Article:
|19.||Srere PA. Year: 1969Citrate synthase.Methods Enzymol13311|
|20.||Bruce CR,Brolin C,Turner N,Cleasby ME,van der Leij FR,et al. Year: 2007Overexpression of carnitine palmitoyltransferase I in skeletal muscle in vivo increases fatty acid oxidation and reduces triacylglycerol esterification.Am J Physiol Endocrinol Metab292E1231123717179390|
|21.||Bruce CR,Thrush AB,Mertz VA,Bezaire V,Chabowski A,et al. Year: 2006Endurance training in obese humans improves glucose tolerance and mitochondrial fatty acid oxidation and alters muscle lipid content.Am J Physiol Endocrinol Metab291E99E10716464906|
|22.||Cogswell AM,Stevens RJ,Hood DA. Year: 1993Properties of skeletal muscle mitochondria isolated from subsarcolemmal and intermyofibrillar regions.Am J Physiol264C3833898383431|
|23.||Trounce IA,Kim YL,Jun AS,Wallace DC. Year: 1996Assessment of mitochondrial oxidative phosphorylation in patient muscle biopsies, lymphoblasts, and transmitochondrial cell lines.Methods Enzymol2644845098965721|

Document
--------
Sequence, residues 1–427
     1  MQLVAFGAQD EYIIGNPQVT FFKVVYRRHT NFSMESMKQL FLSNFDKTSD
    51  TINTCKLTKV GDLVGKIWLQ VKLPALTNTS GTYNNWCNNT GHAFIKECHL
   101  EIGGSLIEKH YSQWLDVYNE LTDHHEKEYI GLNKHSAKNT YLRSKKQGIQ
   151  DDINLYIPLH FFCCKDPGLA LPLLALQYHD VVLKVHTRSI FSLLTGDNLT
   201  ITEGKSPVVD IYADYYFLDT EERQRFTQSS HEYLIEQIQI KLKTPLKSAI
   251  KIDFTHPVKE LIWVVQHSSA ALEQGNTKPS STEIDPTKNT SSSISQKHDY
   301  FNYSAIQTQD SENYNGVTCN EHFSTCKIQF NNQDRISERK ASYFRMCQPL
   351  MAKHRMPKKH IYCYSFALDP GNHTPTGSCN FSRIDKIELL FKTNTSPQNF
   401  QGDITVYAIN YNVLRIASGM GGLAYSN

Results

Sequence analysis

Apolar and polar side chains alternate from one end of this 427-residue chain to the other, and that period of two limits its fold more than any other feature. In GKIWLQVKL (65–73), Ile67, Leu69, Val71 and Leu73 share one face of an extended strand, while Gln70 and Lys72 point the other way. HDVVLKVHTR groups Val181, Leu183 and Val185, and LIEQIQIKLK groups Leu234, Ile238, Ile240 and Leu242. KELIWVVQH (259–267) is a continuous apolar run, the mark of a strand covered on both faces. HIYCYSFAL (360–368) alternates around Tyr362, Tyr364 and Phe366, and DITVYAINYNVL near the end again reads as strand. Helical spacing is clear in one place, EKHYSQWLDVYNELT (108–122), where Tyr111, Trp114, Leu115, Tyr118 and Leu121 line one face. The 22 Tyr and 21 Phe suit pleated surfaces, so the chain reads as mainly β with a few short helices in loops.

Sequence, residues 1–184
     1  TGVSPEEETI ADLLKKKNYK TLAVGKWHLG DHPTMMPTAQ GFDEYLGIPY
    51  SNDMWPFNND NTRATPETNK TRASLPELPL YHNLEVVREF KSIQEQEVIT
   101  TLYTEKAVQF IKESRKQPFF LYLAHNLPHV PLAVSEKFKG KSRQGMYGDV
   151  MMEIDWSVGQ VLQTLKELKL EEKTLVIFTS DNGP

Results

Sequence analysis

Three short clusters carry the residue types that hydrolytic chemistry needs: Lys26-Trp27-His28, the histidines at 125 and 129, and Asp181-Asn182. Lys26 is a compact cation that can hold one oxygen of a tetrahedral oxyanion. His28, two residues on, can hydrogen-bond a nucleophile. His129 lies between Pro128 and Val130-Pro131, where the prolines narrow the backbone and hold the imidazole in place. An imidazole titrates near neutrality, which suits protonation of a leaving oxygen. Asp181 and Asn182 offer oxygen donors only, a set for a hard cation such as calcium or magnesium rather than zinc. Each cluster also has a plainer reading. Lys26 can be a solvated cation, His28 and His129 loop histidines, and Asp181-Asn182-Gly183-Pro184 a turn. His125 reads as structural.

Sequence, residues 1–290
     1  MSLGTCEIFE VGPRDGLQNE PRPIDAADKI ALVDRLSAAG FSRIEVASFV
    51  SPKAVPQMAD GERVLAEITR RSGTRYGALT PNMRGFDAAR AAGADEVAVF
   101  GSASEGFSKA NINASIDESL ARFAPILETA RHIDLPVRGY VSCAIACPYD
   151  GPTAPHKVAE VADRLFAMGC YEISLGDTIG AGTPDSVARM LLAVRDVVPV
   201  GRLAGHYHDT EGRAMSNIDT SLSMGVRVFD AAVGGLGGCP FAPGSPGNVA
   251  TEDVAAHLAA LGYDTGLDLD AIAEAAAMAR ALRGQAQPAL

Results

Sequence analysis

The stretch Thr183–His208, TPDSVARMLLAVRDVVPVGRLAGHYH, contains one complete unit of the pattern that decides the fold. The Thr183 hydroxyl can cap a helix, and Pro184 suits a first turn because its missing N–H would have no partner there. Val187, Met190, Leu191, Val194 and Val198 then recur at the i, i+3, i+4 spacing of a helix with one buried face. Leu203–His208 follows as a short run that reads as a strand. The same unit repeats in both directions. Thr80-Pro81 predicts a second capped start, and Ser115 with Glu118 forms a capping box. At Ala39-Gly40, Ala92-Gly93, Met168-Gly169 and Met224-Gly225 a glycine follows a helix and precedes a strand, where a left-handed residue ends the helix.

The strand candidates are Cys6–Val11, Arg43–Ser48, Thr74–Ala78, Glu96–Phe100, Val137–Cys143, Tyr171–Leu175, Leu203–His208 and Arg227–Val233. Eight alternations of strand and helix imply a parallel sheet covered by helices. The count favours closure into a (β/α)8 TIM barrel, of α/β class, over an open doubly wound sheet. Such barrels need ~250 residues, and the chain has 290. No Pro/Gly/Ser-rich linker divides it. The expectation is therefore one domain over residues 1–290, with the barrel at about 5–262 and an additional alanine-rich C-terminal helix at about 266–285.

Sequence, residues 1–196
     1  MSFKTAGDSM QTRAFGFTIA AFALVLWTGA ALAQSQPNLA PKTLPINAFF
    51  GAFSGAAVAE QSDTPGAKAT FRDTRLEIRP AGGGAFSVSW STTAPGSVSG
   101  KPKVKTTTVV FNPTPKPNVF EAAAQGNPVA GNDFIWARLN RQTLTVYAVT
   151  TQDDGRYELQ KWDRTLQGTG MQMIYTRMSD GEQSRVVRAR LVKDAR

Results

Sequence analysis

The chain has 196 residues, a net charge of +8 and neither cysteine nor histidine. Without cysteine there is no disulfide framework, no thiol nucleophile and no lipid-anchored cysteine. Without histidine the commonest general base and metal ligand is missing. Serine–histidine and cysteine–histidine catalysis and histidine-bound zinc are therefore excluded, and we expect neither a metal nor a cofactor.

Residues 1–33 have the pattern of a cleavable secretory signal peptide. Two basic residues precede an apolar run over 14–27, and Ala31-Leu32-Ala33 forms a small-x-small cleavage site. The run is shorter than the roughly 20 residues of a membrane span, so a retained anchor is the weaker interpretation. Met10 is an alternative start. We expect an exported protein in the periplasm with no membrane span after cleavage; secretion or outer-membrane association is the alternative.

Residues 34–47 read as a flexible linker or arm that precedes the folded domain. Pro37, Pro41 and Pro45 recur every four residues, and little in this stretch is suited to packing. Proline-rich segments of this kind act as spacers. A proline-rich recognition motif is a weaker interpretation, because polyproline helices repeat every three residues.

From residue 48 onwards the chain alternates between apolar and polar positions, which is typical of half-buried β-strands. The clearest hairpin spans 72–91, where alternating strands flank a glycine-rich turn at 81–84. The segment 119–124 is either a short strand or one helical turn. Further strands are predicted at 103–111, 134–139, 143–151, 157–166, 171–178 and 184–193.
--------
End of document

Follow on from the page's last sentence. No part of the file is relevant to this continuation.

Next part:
|24.||Brey EM,King TW,Johnston C,McIntire LV,Reece GP,et al. Year: 2002A technique for quantitative three-dimensional analysis of microvascular structure.Microvasc Res6327929411969305|
|25.||Horak ER,Leek R,Klenk N,LeJeune S,Smith K,et al. Year: 1992Angiogenesis, assessed by platelet/endothelial cell adhesion molecule antibodies, as indicator of node metastases and survival in breast cancer.Lancet340112011241279332|
|26.||Davis JM,Kohut ML,Colbert LH,Jackson DA,Ghaffar A,et al. Year: 1997Exercise, alveolar macrophage function, and susceptibility to respiratory infection.J Appl Physiol83146114669375306|
|27.||Davis JM,Weaver JA,Kohut ML,Colbert LH,Ghaffar A,et al. Year: 1998Immune system activation and fatigue during treadmill running: role of interferon.Med Sci Sports Exerc308638689624644|
|28.||Ferrannini E. Year: 1988The theoretical bases of indirect calorimetry: a review.Metabolism372873013278194|
|29.||Weir JB. Year: 1949New methods for calculating metabolic rate with special reference to protein metabolism.J Physiol1091915394301|
|30.||Lowry OH,Passonneau JV. Year: 1972A Flexible System of Enzymatic AnalysisLondonAcademic Press|